Doing the Coenobitic Crawl

It would be nice to report that I had awoken this morning thinking, it is the feast of the Presentation of the Blessed Virgin Mary and I am ready to ‘run with an inexpressible sweetness of love along the way of God’s commandments.’ (RB Prol. 49) The truth, alas, is less uplifting. I spent yesterday nursing a sick headache while filling in endless government forms, tossed and turned all night, and am now contemplating the day ahead with muted enthusiasm. Situation excellent! If I can’t run, it is time to do the coenobitic crawl.

Most of us have a tendency to have unreal expectations of ourselves. That little bit of D.I.Y. will only take an hour we think, and five hours later, there is still work to be done and we are discouraged and weary. Or we set ourselves a programme of reading and prayer that is completely unsustainable. As a junior nun, I decided I ought to read the whole of Aquinas. I did, eventually, but it took me years rather than months and there were a few syllogisms I think I read with glazed eyes and scant attention.

In a few days we shall begin Advent, our hopes high, our aims generous. Many of us will try to take on too much and end up exhausted and disappointed. But it is we who will be disappointed, not God, who loves a generous giver and would prefer us to be prudent as well as filled with holy ambition. How blessed we are to have this feast to remind us that growth doesn’t come all at once! Our Lady was dedicated to God’s service from the first moment of her conception but she had to learn, as we all do, what that meant. She had to crawl before she could walk, both literally and spiritually. What I dub the coenobitic crawl is merely the monastic version of something common to Christians in every age. There are days when we seem to sprint along; others, when we seem, if anything, to be going backwards. It doesn’t matter. God sees and loves us as we are. His encouragement will sustain us even when we can’t find any in ourselves. So will the prayers of Mary, if we ask her.

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Pro Orantibus: World Day of Cloistered Life

Since 1953, when Pius XII first instituted this day under the title Pro Orantibus, Catholics have been encouraged to give thanks to God for ‘those who pray’ and give spiritual and material support to monks, nuns and hermits who live what is called the cloistered life, i.e. whose main work is prayer rather than other forms of service such as teaching or nursing. For Benedictines, however, the feast of the Presentation of Our Lady has additional resonances. For example, in the English Benedictine Congregation it is celebrated as the Dies Memorabilis, the day when the pre-Reformation Congregation’s privileges were conferred on its post-Reformation successor. For me, personally, its is the anniversary of my Clothing, of my formal entrance into monastic life.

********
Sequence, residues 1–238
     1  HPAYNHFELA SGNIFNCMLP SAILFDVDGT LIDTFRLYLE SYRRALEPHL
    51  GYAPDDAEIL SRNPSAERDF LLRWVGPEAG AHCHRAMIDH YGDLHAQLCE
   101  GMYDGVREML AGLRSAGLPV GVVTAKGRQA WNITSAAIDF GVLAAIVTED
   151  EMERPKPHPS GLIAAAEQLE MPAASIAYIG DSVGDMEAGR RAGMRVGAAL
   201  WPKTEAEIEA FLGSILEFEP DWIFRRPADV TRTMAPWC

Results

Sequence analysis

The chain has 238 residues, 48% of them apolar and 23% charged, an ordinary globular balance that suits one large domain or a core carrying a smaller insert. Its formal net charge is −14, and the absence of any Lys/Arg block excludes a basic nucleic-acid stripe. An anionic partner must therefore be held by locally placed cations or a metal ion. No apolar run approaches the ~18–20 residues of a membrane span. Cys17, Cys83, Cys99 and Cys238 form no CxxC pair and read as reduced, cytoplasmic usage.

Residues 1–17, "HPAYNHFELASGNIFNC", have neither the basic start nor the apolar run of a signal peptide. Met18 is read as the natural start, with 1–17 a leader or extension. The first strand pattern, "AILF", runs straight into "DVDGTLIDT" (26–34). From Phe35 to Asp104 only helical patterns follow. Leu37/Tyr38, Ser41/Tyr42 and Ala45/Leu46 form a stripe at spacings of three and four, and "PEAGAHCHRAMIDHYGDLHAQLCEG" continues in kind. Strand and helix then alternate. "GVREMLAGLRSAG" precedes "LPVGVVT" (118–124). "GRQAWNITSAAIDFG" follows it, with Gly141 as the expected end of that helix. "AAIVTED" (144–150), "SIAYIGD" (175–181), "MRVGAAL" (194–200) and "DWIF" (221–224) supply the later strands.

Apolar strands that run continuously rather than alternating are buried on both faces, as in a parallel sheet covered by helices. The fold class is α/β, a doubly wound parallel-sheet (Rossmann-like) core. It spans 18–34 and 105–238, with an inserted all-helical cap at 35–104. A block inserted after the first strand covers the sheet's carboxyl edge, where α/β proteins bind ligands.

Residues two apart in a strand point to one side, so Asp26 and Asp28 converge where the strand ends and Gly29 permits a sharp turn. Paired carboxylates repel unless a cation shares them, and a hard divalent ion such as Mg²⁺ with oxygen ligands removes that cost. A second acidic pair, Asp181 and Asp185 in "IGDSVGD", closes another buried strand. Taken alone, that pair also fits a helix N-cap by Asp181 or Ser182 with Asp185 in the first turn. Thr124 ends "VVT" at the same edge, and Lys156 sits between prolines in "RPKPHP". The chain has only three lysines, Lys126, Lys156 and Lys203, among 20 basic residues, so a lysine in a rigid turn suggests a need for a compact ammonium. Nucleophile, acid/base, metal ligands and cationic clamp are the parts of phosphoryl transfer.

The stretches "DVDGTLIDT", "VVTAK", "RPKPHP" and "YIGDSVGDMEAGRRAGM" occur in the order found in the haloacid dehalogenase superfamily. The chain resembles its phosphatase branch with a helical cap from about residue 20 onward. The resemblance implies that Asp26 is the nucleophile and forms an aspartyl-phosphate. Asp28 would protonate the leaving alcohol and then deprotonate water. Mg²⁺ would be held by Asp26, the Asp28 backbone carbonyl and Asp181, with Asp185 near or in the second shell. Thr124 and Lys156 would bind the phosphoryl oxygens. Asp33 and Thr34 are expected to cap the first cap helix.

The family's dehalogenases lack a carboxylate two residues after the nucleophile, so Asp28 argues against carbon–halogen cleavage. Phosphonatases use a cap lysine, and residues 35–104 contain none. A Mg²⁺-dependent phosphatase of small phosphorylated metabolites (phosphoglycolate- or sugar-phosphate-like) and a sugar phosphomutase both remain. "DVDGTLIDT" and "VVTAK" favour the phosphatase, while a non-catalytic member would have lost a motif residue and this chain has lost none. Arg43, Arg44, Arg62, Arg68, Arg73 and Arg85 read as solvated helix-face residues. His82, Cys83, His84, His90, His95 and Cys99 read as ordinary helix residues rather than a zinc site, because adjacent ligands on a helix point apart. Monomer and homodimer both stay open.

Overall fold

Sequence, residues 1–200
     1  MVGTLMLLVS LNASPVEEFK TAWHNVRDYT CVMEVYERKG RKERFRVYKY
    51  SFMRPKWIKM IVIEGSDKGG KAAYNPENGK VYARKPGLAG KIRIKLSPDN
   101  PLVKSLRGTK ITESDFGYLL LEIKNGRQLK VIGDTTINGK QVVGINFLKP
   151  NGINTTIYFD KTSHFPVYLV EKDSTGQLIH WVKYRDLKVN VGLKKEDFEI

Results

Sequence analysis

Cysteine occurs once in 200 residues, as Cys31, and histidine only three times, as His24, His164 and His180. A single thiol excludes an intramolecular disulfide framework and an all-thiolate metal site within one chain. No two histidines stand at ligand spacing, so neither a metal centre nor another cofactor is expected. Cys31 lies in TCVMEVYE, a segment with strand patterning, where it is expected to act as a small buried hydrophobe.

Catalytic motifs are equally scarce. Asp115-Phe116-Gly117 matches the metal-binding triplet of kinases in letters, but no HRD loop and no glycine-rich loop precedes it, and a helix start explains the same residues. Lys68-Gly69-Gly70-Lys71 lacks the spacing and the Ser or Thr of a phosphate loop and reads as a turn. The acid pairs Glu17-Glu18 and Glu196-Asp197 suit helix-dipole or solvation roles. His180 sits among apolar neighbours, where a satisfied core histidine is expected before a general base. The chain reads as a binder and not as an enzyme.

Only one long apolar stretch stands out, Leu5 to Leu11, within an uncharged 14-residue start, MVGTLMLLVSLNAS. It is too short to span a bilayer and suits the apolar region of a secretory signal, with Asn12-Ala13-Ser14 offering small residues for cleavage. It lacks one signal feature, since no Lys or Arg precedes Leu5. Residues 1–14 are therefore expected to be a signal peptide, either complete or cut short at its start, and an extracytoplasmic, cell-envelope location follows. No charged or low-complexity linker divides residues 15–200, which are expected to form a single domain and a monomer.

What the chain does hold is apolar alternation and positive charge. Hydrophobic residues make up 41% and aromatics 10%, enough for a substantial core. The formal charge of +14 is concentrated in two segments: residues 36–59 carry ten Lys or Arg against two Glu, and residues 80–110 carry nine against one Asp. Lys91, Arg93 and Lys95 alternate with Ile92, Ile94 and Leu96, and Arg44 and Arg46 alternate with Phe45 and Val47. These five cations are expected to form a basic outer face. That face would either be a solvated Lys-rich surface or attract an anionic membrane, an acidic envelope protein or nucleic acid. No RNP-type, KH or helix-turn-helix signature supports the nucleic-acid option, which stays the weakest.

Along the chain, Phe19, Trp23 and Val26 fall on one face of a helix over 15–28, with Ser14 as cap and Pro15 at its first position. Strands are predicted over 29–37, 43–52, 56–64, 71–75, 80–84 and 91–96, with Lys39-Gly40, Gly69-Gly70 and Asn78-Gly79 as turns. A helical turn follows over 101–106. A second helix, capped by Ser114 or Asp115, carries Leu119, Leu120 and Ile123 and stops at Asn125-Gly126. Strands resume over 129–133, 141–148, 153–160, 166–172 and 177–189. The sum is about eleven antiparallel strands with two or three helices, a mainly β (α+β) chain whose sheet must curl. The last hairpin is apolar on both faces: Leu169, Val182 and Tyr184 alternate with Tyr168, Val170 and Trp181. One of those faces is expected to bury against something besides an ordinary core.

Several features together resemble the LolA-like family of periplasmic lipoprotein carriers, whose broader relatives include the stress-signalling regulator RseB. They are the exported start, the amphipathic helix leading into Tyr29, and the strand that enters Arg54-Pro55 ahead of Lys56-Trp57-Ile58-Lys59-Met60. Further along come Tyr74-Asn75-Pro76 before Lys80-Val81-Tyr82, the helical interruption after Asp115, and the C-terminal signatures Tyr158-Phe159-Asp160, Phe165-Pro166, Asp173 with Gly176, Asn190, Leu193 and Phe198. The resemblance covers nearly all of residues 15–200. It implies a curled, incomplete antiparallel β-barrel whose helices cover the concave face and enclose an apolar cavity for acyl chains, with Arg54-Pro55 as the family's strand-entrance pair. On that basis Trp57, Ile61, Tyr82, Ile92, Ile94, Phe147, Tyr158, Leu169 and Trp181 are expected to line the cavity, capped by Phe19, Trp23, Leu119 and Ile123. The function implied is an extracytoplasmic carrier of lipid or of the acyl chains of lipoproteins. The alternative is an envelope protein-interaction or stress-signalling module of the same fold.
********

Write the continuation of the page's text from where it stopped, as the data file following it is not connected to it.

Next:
Having said that, I wonder what impact, if any, this day makes on the average church-goer? Some have registered the enormous shake-up for cloistered nuns that Cor Orans represents. Others will be at pains to show their love and support for the communities with which they have a personal connection. But for the vast majority, I suspect, the day will pass by without any special awareness or acknowledgement. Perhaps that is in itself a clue to the origins of the malaise that many have identified in the Church. Put very simply, and I hope non-polemically, if we do not pray, everything goes wrong. It is tempting to lay the blame for abuse and all the other wrongs we identify in the Church on this group or that, on individual or organisational failures and infidelity to the Church’s teaching, etc, etc. I am by no means suggesting that we spiritualize away responsibility, but I think there is something fundamental we ALL need to remember. We are called to holiness. No matter how wonderful our good works, no matter how virtuous our conduct, we can do nothing without God’s grace. It is being close to him that makes us holy, and we cannot be close if we do not pray.

So, today is not just a reminder to be thankful for the cloistered life. It is a day to be aware of the importance of prayer in the life of every one of us; and if we have become a little careless or perfunctory in our prayer, to resolve to do better — to become like Mary ‘full of grace’.Facebooktwitterredditpinterestlinkedintumblrmail